Coastal Sunset Photography

Before getting his camera out at a potential landscape location, Karl spends some time identifying the best possible areas to photograph.

In this photography class, Karl explains exactly what he looks for in a location and the elements that make a strong composition. You’ll learn how interesting perspective and good framing are essential components for a good shot before Karl explains why it’s important to experiment with different camera settings to get the best image.

Working against a rising tide, he also explains which filters he uses and why it can be worth waiting a while after the sun has set.

This class also includes some bonus outtakes of the team’s incredible dolphin sighting.

In this class:

  • Landscape photography: How to photograph a coastal sunset
  • Landscape photography tips
  • How to identify a good location for landscape photography
  • Camera settings for landscape photography
  • Using filters for landscape photography
  • Experimenting with different shutter speeds for different effects

You can watch the post-production for this image in the next class.

Questions? Please post them in the comments section below.

Comments

  1. Karl, I am new to Karl Taylor Education and am loving it. One question on this session; what lens did you use?

    1. Hi, welcome aboard and I’m very happy to hear you are enjoying the classes. This lens was a 16-35mm f2.8. Cheers Karl.

  2. Hello Karl,
    First of all i love how informative and detailed your classes are, they’re straight to the point and they share the right amount of info.
    i still have a question, in case i don’t have ND filters, yet i wanna take some shots at low speeds for tide sweeps, is there any substitute i can use until i get my filters?
    thank you!

    1. Hi Kevin, thank you for your comments. Unfortunately the laws of physics apply here and if there is too much light and no other camera settings to reduce it then we have to revert to ND filters. On your camera you can lower your ISO to the lowest possible setting (usually 50iso) and you can set your aperture to the smallest setting but if there is still too much light to achieve a 2 to 4 second exposure then it has to be filters over the lens. These can be sunglesses, welders goggles or anything that reduces the light but good ND filters are your best option. Cheers Karl.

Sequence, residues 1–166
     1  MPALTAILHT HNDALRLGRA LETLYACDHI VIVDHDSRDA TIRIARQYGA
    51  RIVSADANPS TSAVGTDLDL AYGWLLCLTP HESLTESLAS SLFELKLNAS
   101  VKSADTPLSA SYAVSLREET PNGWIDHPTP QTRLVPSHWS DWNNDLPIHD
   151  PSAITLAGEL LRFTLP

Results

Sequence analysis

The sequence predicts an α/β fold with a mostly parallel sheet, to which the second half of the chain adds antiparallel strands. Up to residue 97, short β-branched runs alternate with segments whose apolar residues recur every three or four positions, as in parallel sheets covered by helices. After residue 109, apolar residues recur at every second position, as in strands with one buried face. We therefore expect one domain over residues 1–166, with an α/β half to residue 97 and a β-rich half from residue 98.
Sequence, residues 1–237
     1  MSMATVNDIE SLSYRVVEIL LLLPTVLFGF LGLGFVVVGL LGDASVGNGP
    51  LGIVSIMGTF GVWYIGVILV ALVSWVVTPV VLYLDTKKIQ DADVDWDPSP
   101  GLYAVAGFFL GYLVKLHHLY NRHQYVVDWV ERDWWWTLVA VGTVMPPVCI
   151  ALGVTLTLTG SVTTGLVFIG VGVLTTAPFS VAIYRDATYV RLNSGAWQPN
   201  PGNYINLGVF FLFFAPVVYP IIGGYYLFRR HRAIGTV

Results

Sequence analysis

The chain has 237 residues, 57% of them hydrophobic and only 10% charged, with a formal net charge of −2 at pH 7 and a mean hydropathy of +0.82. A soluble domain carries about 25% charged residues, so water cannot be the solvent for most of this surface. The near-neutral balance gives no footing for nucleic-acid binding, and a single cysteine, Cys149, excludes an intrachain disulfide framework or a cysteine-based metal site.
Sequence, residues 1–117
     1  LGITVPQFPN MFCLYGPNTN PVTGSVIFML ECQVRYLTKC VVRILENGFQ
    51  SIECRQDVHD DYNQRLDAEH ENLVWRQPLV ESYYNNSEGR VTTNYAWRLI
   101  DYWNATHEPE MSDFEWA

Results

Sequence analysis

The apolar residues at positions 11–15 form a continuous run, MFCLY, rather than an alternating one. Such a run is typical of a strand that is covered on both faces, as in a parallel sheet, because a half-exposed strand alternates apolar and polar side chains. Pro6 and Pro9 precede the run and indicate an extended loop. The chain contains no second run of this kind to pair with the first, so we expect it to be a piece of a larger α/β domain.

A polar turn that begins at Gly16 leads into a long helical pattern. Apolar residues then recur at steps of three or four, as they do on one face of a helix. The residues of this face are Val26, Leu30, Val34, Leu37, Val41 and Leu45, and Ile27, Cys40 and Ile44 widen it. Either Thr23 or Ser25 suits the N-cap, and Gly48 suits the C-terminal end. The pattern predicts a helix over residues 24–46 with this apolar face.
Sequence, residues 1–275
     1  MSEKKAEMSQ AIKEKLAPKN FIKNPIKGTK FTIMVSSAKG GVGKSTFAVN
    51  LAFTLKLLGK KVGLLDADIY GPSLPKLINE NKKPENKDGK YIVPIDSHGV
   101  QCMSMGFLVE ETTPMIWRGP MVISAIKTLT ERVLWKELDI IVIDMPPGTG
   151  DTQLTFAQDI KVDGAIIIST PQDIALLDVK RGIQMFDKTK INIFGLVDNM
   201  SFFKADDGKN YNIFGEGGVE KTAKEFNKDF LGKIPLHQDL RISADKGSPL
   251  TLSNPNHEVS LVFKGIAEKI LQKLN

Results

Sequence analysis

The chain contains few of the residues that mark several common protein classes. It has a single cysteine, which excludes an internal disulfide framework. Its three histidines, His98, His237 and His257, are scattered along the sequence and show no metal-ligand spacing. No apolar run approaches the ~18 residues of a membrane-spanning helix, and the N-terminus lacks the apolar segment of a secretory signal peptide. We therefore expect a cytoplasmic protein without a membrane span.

3. Fantastic images, thanks for the Video.

    Just have 1 question, do you adjust your White Balance, or you use the Automatic White balance on the camera?

    Thanks

    Darryl

    1. Hi Darryl, I generally use manual white balance at 5800K or set it for daylight or flash (all our similar) but because I’m shooting in RAW I can tweak the colour balance with no detrimental effects in the RAW processing software.

  4. Great scene setting and nice to see you both enjoying yourselves, made me enjoy it that much more, thanks.

  5. fantastic shot, I do sunrise photography without filters, I need to try out with filters, can you recommend me which is the best filter kit for my Nikon D850. appreciated

  6. Very interesting, awesome sunset. Interesting way you got water on those rocks, if it had been me I probably would’ve ended up in that sea. You have some of the best photography training out there. It really isn’t all about equipment either.
    Thanks for sharing the knowledge.

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